We are taught so many things in school. History, English, math, and physical fitness are all in the course catalogue, but financial literacy, a.k.a. how the heck to deal with money, is not. Alexa von Tobel, founder of personal finance site LearnVest, noticed this early on. Even when sitting around with her smart girlfriends who worked on Wall Street she found that none of them knew the difference between an IRA and a Roth IRA. "I went to Harvard and Harvard Business School and it doesn't make a difference. People don't know this stuff," she recently said at the party for her new book Financially Fearless .
Instead of just complaining about it, von Tobel made it her life's work to educate people and help them take control of their finances. When she launched LearnVest in 2009, the site's mission was to provide young women with interactive tools and guidance on personal finance — now it offers these services for people of any age or gender. Through the site, you can get professional financial advice for $399 (plus a small membership fee.) A typical CFO will cost you about $5,000, so LearnVest is the perfect choice for a young woman starting out.
Financially Fearless offers lots of the same advice for even less money (plus readers get one free phone call with a LearnVest financial planner, as well as a $50 gift card to put toward the site's services.) In the meantime, Bustle caught up with the energetic author at her book party and got her five best financial tips for 20-somethings.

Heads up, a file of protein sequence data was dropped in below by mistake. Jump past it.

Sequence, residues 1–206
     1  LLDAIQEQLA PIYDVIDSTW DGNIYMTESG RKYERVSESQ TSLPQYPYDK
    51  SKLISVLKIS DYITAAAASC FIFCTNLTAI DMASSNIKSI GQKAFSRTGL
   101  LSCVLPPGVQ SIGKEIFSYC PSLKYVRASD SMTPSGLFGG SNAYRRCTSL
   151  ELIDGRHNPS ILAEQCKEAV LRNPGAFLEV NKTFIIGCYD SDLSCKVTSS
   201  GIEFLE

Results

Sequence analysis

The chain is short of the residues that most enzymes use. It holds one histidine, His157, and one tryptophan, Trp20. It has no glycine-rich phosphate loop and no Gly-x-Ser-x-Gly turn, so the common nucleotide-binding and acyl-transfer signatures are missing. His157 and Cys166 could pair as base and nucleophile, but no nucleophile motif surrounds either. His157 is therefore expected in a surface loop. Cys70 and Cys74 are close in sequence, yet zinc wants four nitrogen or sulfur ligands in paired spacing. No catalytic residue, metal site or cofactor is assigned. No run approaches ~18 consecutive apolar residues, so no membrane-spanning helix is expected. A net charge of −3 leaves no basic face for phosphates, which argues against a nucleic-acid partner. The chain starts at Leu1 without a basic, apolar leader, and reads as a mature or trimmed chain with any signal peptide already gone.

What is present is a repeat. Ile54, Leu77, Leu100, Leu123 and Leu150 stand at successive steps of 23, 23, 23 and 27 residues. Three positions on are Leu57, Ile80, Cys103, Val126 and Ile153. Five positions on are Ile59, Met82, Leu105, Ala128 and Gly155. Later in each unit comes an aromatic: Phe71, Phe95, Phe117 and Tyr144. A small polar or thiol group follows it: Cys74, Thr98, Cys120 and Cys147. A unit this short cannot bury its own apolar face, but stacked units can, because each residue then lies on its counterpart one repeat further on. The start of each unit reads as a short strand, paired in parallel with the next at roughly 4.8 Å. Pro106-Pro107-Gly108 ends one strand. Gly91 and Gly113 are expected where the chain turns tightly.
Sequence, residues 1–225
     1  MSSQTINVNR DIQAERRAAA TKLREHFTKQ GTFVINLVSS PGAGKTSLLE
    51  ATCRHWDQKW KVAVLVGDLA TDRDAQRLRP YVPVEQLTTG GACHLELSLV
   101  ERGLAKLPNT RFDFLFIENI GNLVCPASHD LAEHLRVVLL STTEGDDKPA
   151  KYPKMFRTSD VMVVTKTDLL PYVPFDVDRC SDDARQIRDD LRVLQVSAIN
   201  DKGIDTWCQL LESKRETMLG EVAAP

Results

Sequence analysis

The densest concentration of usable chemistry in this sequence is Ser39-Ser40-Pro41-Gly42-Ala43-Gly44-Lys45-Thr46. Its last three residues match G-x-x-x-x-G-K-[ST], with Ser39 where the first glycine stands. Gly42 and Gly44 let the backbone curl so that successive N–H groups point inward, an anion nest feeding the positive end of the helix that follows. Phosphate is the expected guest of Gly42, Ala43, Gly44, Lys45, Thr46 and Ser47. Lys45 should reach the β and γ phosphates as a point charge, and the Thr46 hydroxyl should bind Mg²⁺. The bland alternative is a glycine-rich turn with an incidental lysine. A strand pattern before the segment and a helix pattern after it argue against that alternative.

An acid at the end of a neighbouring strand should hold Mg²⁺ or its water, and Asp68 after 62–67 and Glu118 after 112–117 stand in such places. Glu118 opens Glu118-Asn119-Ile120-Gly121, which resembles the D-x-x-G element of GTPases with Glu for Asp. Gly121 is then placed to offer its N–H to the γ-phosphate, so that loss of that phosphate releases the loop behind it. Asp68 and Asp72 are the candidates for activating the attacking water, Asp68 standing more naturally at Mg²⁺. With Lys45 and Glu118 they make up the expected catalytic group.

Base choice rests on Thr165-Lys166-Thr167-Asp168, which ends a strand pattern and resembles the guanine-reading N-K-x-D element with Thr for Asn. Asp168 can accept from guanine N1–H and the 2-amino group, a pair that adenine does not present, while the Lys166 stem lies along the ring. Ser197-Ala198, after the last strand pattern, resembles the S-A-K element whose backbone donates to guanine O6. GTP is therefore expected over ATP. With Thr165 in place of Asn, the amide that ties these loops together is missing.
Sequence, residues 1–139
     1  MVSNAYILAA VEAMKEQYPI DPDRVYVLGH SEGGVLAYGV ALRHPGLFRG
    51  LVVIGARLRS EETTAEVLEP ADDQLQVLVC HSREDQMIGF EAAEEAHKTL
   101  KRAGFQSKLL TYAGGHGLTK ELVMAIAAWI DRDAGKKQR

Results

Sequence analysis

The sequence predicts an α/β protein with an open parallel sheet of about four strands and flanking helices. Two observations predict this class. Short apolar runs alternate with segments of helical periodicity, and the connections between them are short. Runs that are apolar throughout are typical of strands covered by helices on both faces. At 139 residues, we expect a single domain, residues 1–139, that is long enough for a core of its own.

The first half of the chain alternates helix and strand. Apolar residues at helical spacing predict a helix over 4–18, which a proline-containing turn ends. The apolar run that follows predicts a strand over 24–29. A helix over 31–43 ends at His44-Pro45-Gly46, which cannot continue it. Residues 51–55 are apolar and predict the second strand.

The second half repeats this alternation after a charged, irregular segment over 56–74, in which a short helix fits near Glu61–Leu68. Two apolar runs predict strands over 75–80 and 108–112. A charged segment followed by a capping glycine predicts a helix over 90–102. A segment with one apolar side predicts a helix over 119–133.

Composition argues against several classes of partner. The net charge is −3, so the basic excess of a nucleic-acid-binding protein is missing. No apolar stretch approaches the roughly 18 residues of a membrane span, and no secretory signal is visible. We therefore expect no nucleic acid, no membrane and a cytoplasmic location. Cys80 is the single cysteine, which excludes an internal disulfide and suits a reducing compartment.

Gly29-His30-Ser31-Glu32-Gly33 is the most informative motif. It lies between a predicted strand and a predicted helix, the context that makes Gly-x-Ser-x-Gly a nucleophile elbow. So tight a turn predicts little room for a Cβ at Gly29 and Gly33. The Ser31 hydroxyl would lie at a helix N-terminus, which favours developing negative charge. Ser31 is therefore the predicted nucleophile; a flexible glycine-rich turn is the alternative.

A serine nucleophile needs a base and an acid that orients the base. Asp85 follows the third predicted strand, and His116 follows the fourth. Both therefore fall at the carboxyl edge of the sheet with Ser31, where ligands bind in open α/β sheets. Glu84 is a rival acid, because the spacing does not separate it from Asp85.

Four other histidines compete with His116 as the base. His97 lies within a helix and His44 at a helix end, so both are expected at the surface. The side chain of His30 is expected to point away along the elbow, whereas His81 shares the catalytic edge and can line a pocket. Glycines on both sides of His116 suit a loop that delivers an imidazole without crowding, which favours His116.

1. Set goals and write them down
"Having a plan is critical. Not having a plan is also a plan, but it's just a really bad one."
2. Start getting comfortable talking about money
We know money is one of those things you aren't supposed to talk about but hey, this is 2014! We talk about everything else, so why not this? "Start talking about money, whether it's with your friends with your family or your spouse. We need to get more comfortable with this."
3. Implement the PERK system
Von Tobel came up with a clever acronym to use when reviewing your expenses that should help to trim down your budget. "Try sitting down and reviewing all your expenses in each category to determine which costs can be "Postponed" until a later date, "Eliminated" from your budget, or "Reduced" going forward, and which expenses you absolutely have to "Keep" (hence the acronym PERK)."
4. Calculate value
Make sure you're really going to use that $30 lipstick you had to have. American women ages 30–49 spend an average of $1,200 on cosmetics per year (but guys are up there too, so don't feel bad.) Von Tobel says you don't have to cut out all your high quality beauty products (or accessories, or clothes, or whatever), but make sure to analyze the value by comparing the price vs. how much use (or happiness!) you will get out of it.
5. Set up an emergency savings fund
You need to have a back up in case you get sick, are just absolutely miserable at your job, or need to get out of a live-in relationship fast. You need to have financial freedom, von Tobel says. LearnVest recommends having at least six to nine months-worth of expenses saved.